Home > Publications . Search All . Browse All . Country . Browse PSC Pubs . PSC Report Series

PSC In The News

RSS Feed icon

Work by Geronimus cited in account of Serena Williams' maternal health complications

Alexander and Massey compare outcomes for children whose parents did and did not take part in Great Migration

Geronimus on pushing past early dismissal of her weathering hypothesis

More News

Highlights

AA named 2018 Best Place to Live in America (out of 100 cities)

Remembering Jim Morgan, founding member of ISR and creator of the PSID

1/17/18: ISR screening and discussion of documentary "Class Divide" at Michigan Theater

Bailey et al. find higher income among children whose parents had access to federal family planning programs in the 1960s and 70s

More Highlights

Next Brown Bag

Mon, Jan 22, 2018, noon: Narayan Sastry

Assimilation, Ethnic Competition, and Ethnic Identities of US-Born Persons of Mexican Origin

Archived Abstract of Former PSC Researcher

Ono, Hiromi. 2002. "Assimilation, Ethnic Competition, and Ethnic Identities of US-Born Persons of Mexican Origin." International Migration Review, 36(3): 726-745.

Processes governing the ethnic identification of second and later generations of Mexican immigrant descendants are explored empirically using the Latino National Political Survey, 1989-1990. With multinomial logit regressions, I test hypotheses based on three contrasting perspectives, namely, that ethnic identification, or identification other than "American," arises directly from: a) cultural continuity and a lower level of assimilation; b) an experience of ethnic competition; and c) both processes. The results from the LNPS support the view that both processes are at work. For example, consistent with the presence of an assimilation process, the chance of "Mexican" identification (as opposed to "American" identification) declines to half in the third generation and to one tenth in the fourth and later generations, relative to the chance in the second generation. Consistent with the presence of an ethnic competition process, (perceived) experience of discrimination doubles the respondent's chance of "Mexican" identification. Also, a level rise in the darkness of skin color is associated with a 60 percent increase in the chance of Mexican identification.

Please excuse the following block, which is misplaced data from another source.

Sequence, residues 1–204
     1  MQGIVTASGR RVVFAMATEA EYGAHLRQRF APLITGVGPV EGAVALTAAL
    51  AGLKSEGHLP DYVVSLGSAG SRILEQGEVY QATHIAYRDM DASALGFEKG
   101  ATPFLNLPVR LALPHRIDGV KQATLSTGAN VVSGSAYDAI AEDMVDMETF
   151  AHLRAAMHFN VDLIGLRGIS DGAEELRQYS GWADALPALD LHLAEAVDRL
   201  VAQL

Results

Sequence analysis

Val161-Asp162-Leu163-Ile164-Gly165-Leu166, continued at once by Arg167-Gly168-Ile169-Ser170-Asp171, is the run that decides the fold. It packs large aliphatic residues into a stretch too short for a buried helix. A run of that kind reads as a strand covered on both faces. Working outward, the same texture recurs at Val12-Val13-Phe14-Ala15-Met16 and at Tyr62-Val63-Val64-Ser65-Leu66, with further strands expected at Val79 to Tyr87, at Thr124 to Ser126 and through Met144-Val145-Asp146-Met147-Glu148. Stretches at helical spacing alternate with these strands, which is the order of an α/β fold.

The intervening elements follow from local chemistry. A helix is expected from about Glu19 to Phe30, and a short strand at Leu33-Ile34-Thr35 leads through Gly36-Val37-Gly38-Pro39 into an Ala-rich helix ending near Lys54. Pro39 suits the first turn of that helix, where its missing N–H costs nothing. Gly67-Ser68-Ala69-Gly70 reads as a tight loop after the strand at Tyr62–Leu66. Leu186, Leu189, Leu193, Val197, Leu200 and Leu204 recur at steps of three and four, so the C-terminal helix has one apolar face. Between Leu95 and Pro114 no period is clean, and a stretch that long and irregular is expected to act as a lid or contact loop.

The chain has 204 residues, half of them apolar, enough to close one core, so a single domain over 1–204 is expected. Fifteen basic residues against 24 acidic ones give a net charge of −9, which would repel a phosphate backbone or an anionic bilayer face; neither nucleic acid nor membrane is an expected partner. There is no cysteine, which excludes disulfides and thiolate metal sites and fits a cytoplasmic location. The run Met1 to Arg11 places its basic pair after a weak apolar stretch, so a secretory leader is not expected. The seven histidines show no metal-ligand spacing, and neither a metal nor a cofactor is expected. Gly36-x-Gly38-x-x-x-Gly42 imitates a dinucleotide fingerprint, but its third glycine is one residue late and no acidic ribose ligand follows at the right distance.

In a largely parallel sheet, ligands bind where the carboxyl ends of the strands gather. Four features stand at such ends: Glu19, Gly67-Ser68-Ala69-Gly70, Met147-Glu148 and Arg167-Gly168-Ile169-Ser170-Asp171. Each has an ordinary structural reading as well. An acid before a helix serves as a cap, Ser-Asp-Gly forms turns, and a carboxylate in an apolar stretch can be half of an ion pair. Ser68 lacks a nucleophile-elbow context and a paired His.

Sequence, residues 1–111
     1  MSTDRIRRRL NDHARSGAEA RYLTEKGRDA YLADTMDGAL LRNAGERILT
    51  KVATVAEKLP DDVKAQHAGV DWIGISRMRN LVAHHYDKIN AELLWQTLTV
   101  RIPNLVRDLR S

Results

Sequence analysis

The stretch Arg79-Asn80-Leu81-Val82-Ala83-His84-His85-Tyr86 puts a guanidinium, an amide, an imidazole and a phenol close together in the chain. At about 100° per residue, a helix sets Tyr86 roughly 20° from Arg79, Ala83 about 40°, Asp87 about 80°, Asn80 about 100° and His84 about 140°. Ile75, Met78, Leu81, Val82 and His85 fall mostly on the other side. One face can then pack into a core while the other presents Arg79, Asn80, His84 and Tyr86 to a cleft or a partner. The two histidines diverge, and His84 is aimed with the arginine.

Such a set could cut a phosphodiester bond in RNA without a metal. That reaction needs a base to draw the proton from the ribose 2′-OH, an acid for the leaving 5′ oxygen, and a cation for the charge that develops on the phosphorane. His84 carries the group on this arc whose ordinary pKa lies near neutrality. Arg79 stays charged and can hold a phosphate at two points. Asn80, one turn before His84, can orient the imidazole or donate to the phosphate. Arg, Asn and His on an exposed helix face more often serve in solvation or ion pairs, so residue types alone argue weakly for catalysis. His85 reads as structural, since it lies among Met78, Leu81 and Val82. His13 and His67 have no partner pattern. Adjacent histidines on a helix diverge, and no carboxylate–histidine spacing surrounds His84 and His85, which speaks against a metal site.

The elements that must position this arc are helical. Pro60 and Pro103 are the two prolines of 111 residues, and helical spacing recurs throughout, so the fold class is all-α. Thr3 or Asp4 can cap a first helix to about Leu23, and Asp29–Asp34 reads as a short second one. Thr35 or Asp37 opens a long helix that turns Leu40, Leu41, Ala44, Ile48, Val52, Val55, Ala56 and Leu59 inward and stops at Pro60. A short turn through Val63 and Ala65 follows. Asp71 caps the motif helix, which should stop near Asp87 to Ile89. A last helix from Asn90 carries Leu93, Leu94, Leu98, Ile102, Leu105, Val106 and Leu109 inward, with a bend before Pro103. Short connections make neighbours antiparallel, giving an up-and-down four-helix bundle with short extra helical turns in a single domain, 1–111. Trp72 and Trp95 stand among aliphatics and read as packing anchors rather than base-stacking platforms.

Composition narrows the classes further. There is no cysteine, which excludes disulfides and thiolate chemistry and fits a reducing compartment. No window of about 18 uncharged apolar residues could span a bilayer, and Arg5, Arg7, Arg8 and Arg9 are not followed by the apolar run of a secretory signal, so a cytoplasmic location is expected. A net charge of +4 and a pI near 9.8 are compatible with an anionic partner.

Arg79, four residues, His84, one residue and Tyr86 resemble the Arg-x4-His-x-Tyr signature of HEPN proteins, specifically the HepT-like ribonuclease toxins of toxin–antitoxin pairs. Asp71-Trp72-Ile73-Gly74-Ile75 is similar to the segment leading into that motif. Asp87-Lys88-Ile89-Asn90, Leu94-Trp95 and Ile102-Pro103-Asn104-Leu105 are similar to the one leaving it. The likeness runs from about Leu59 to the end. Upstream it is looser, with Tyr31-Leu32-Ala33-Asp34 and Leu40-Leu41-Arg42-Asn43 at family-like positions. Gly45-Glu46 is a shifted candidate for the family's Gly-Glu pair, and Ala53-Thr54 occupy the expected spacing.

Browse | Search : All Pubs | Next